“Can you get deported if you get caught working with no permission? My father is an immigrant. His boss sent him to work at a house to paint and do other types of work. On the way, he was stopped and he was turned over to immigration. My dad is not legally here. The police let him go but he has court now in two months. Can he get deported??“
(Submitted by Graciela B., Oceanside, CA)
There are many details I do not have. Without this information, I will need to make some assumptions about your father’s situation.
To begin, I don’t think your father’s employment is the main concern here. Being deported is probably a much larger problem for him.
You said that he is not legally here. As a result, it seems he was most likely taken into immigration custody because he does not have legal documents to live in the U.S.
When you wrote that he is going to court, my hunch is you meant immigration court. If my guess is correct, he has to face deportation charges. If he loses, he will be ordered to be removed back to his home country.
So in my view, his main worry is whether he can put together a strong defense against deportation.
The strength of his defense against removal will depend, in part, on his immigration history.
Was your father ever a permanent resident?
Did you father even have legal documents to live and work in the U.S.?
If he was a permanent resident, why isn’t he a green card holder today?
For instance, did he leave the country and return several years later?
Or was he been stripped of it after a conviction?
Has he ever been ordered deported or granted voluntary departure by an immigration official?
Did you father ever reside in the U.S. legally?
Here are some examples.
Maybe he once had a temporary resident card under the Reagan Legalization program of the 1980s. At that time, Many individuals who were temporary residents were unable to become permanent residents because they could not prove their work history.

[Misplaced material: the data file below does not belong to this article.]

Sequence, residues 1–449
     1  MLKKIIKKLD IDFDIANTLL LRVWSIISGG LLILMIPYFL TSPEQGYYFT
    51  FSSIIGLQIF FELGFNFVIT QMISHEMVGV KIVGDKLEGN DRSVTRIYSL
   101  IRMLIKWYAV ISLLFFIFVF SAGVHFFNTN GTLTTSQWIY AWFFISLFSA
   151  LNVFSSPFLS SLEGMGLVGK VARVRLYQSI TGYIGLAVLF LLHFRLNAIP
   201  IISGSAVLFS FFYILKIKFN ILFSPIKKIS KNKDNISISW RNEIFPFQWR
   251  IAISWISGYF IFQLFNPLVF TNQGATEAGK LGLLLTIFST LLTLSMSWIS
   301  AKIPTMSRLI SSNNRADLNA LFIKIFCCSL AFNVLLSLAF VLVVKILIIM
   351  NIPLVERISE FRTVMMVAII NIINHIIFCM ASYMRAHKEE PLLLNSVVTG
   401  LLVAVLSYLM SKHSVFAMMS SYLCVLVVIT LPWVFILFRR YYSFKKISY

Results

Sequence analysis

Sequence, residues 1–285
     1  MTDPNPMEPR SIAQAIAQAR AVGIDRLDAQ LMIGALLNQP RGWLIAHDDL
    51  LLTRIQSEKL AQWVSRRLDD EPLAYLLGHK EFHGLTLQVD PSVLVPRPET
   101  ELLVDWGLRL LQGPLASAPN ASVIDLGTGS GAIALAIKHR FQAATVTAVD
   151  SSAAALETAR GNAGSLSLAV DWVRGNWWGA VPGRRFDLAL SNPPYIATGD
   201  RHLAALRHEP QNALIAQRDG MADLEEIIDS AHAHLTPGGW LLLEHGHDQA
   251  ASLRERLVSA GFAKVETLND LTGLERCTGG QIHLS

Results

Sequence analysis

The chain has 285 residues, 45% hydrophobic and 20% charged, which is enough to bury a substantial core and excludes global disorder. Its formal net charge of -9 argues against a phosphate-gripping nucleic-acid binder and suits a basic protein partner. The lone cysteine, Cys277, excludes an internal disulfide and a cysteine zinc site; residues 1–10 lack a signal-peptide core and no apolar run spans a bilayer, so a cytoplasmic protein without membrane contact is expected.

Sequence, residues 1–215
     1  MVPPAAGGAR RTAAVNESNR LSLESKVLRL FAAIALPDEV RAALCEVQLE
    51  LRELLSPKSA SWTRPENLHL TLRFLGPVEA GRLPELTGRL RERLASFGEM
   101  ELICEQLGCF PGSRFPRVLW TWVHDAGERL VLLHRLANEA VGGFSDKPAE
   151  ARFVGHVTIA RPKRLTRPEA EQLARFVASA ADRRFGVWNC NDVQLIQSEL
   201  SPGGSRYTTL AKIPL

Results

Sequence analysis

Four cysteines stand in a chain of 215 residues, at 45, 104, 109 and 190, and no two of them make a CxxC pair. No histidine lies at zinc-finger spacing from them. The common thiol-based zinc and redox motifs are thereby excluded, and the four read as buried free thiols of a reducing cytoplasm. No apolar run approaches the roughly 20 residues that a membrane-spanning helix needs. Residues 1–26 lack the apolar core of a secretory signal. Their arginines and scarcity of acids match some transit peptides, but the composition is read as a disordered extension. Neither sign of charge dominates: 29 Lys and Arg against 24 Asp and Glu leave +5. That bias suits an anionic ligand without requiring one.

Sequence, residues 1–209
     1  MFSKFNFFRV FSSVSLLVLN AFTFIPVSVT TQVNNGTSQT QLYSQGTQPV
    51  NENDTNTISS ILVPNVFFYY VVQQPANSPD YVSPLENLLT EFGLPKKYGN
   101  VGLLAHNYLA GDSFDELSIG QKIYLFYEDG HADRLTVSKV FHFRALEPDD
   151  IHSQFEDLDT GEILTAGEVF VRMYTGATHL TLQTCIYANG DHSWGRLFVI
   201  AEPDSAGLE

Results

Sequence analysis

Perhaps your father entered the country with a visa. But when it expired, he did not go back to his home country.
What type of relief might be available to your father?
Potentially, there are several avenues open to him, if he can meet the specific requirements.
What is your status? Are you a U.S.citizen? Maybe you qualify to sponsor him for a green card.
Or maybe someone in your family has filed for him but he is still waiting for an interview date?
Of course, he may not be eligible for such options.
This means he would likely be restricted to seeking cancellation of removal as a defense. In these types of removal cases, the most important issue is hardship.
Proving hardship is not easy. Your father has to provide information demonstrating how much suffering you, your mother, and your minor brothers and sisters will go through if he is deported.
It takes a lot of good evidence to win these types of cases.
For more detailed information about how to fight deportation charges at immigration court, see A Modern Approach To Immigration Hardship Factors.
It’s my personal opinion, however, that these types of cases are too complicated for immigrants to handle on their own without the help of an immigration lawyer.
By Carlos A. Batara, Filed Under Q&As: Deportation And Removal Defense.
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